Peter, in his first letter, in 1 Peter 2:22 writes, “He (Jesus) committed no sin, neither was deceit found in his mouth.” Peter had lived and traveled with Jesus continuously for over three years. He spoke from the experience of knowing Christ and watching and listening to Him. He would have seen Jesus sin if He had done so.
James 1:13 reminds us that God will never tempt us to sin, “for God cannot be tempted with evil, and he himself tempts no one.” That Jesus was sinless is taught in Scripture. He was God, and though He took on humanity, His humanity was not the ruling factor in His life. It was that He was God and God cannot sin. That was true of Christ. He never sinned.
We also know from the Bible that Jesus faced temptations. In Matthew 4, our spiritual enemy tried three times to get Jesus to sin, and he failed on all three tries. Each time Jesus faced a temptation, He quoted from Scripture.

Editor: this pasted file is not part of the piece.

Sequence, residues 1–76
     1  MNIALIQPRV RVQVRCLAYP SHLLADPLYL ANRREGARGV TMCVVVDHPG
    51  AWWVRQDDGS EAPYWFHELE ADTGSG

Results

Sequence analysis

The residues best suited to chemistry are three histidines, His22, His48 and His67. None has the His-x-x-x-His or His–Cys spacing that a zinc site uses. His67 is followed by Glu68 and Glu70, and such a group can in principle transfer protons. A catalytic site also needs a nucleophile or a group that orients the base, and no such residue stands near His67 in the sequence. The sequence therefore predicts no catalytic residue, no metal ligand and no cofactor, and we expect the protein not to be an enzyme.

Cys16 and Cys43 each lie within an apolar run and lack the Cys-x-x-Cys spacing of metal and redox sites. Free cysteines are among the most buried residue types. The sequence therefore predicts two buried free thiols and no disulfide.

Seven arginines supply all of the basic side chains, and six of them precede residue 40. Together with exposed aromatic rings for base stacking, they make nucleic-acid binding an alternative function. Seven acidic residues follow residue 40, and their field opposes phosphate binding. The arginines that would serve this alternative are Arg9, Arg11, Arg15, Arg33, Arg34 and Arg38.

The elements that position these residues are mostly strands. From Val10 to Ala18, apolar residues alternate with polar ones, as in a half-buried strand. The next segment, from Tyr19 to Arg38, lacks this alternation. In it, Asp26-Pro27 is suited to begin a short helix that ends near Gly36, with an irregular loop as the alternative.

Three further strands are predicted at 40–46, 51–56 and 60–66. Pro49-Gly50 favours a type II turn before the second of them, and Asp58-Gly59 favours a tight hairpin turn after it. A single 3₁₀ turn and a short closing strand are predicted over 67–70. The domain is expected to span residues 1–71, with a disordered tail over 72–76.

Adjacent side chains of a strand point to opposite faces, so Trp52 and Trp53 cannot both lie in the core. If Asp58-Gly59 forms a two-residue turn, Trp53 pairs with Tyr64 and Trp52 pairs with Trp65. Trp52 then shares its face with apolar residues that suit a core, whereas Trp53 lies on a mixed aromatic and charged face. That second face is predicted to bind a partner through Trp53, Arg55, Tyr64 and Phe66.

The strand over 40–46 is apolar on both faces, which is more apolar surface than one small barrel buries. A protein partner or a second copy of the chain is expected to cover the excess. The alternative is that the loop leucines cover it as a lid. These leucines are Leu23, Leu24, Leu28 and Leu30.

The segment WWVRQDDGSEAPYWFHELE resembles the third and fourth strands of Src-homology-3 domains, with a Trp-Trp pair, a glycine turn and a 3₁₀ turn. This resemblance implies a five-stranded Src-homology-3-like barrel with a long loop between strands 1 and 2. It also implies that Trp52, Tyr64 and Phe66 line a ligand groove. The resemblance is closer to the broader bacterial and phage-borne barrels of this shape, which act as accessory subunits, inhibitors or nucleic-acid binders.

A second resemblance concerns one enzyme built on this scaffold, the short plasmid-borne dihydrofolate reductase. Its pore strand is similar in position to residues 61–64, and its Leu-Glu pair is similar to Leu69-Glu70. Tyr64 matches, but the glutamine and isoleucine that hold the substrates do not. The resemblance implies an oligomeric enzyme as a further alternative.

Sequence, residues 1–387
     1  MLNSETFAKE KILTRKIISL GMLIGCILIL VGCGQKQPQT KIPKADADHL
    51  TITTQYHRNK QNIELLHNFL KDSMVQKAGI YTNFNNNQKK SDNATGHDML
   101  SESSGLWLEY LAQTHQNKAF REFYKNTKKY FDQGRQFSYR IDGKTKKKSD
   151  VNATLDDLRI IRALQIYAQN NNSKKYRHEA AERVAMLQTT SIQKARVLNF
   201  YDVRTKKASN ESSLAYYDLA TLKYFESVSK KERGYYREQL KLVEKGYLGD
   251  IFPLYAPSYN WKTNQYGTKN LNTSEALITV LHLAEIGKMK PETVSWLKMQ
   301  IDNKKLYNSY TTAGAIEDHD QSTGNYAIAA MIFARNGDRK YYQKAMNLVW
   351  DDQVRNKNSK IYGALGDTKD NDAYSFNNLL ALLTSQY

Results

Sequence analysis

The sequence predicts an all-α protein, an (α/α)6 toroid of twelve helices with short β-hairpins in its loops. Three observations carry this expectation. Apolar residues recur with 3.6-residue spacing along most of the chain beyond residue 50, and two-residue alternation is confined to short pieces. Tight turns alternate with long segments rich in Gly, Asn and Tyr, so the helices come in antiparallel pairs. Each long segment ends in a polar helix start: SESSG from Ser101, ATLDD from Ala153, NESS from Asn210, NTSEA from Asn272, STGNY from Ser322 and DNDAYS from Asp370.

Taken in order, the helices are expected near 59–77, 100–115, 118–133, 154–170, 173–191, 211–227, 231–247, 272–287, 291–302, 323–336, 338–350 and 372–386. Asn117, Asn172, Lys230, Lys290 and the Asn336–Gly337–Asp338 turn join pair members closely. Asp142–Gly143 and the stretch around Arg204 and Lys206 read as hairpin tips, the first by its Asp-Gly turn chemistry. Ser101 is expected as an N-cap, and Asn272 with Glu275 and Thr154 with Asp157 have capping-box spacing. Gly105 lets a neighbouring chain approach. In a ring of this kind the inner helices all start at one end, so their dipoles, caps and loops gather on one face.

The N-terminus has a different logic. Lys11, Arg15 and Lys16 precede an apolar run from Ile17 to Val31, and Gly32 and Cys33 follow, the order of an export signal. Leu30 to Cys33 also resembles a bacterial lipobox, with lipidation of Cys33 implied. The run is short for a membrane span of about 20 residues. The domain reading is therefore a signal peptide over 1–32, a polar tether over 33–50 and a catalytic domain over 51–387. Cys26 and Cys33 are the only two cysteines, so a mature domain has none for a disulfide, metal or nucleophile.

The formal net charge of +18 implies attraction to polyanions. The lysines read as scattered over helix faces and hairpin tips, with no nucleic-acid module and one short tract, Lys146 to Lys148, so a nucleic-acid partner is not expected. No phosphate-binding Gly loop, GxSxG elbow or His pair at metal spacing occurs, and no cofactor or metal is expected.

Consider what “The Moody Handbook Of Theology” had to say regarding this passage from the Gospel of Matthew, which I fully concur with. We read,
“The purpose of the temptation was not to see if Christ could sin, but to show that He could not sin…If Christ could have sinned, then the Holy Spirit solicited Christ to sin, but that is something God could not do. (James 1:13).”
There is a difference between being tempted and sinning. We can face a temptation and either give in to it or say “no.” That is true of us as fallible human beings. James 1:13-15 is clear that it is a choice we make when we choose to do something that Scripture clearly calls sin. Anyone can be tempted, but we can make the decision to not give in to the temptation.
Christ was tempted, but He never sinned. As Hebrews 4:15 tells us, Jesus was tempted as we are also tempted, but was without sin. This leads to another question that we noted at the start of this blog. Could Jesus have sinned or not?
There are two theological terms that are used to describe the answer to this question but we will forego defining them and instead will simply zero in on what Scripture says, or at least, in this blog, what I believe the Bible says about this question and then in the second part of this discussion speak to the practical side of this doctrine for us.